The topside of the upper part 2 extends obliquely downwardly in the rearward direction; as seen at 9 in FIG. 1 and and the underside of the lower part 1 extends obliquely upwardly at 10. This affords the advantage that, with the upper part 2 flipped upwardly, the articulator can be placed on either one of the inclined surfaces 9 and 10, so that the adjusted dentures can be observed in the direction of the occlusal plane without having to change one's own body position in any particular way.
The lower part 1 and the receiving element 3 are joined by a screw 11 with a knurled nut 12. The head 13 of the screw 11 is non-circular and is disposed in a correspondingly shaped recess 14 of the receiving element 3, forming a support for the upper part 2, so that screw 11 and element 3 cannot rotate relative to each other. The screw 11 extends downwardly through a slotted hole 15 which limits the linear reciprocating movement of the receiving element 3 and thus of the upper part 2 with respect to the lower part 1.
A compression spring 17 is clamped between the knurled nut 12 and shim 16 contacting the lower part 1. This compression spring is surrounded by a spring cage 18 (FIG. 1). When the knurled nut 12 is slightly slackened, the receiving element 3 with the upper part 2 can be displaced frictionally on the lower part 1. Since the receiving element 3, as shown in FIGS. 2 and 3, is guided on the bottom part 1 with a lateral play 19, it is also possible to execute a limited rotary movement of element 3 about and with the screw 11. In order to mark the neutral central position, the receiving element 3 and the lower part 1 have a marking 20 (FIG. 3). By tightening the knurled nut 12 by way of the spring cage 18, the lower and upper parts 1, 2 can be fixed with respect to each other in any desired position within the limits provided by the slotted hole 15 and the clearance 19.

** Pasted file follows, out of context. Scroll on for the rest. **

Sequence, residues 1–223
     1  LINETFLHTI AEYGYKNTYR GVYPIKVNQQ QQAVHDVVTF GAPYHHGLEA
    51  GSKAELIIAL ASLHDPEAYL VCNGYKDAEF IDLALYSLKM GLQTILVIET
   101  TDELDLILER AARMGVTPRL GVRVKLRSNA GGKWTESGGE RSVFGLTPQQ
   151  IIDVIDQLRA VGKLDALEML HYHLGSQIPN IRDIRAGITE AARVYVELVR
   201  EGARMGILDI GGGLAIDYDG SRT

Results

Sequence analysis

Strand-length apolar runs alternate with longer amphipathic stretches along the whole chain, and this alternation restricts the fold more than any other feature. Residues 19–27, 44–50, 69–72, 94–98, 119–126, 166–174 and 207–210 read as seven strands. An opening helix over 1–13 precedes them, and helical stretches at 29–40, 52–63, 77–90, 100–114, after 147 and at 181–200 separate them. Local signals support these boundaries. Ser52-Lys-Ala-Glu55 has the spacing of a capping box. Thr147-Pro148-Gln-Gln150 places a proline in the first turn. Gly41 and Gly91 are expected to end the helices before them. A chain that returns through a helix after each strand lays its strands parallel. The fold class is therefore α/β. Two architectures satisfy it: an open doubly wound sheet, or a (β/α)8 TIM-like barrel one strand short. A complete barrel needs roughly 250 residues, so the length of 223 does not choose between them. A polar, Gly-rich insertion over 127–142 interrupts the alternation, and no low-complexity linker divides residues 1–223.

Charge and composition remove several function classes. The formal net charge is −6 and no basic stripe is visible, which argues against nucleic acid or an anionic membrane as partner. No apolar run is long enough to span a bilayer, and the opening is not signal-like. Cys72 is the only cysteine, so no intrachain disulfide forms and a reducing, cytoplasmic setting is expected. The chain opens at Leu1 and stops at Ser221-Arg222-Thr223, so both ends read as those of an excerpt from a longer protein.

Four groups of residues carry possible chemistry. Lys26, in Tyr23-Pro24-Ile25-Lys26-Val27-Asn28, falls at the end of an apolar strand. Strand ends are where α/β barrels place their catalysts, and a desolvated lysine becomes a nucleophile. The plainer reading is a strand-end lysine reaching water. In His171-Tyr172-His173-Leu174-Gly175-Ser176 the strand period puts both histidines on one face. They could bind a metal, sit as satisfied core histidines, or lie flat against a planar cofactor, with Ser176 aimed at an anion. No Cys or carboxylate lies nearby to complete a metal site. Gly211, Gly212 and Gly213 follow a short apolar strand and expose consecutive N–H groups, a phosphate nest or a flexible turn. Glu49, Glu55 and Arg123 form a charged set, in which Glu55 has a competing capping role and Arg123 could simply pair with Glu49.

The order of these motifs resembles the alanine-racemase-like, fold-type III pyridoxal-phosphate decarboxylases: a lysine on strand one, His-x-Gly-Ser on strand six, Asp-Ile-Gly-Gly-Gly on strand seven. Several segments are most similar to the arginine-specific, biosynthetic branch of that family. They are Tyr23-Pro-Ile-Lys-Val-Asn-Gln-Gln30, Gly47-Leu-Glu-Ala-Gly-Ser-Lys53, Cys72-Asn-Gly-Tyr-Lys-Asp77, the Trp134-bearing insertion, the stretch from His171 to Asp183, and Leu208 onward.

In order to fix the occlusal plane, a plate 21 is provided (FIGS. 1, 4 and 5), which can be inserted with bifurcated members 22 in lateral guide grooves 23 (FIG. 3) of the receiving element 3. The plate 21 is illustrated in detail in FIGS. 4 and 5. The surface 24, representing the occlusal plane, lies exactly in the horizontal and/or common central plane of the bifurcated members 22, as shown in FIG. 5, so that the plate 21, as shown in FIG. 1 in dot-dash lines, can also be inserted in an inverted position and thus the occlusal plane is accessible from above or from below.
From a consideration of the foregoing disclosure, therefore, it will be evident that all of the initially recited objects of the present invention have been achieved.
Although the present invention has been described and illustrated in connection with a preferred embodiment, it is to be understood that modifications and variations may be resorted to without departing from the spirit of the invention, as those skilled in this art will readily understand. Such modifications and variations are considered to be within the purview and scope of the present invention as defined by the appended claims.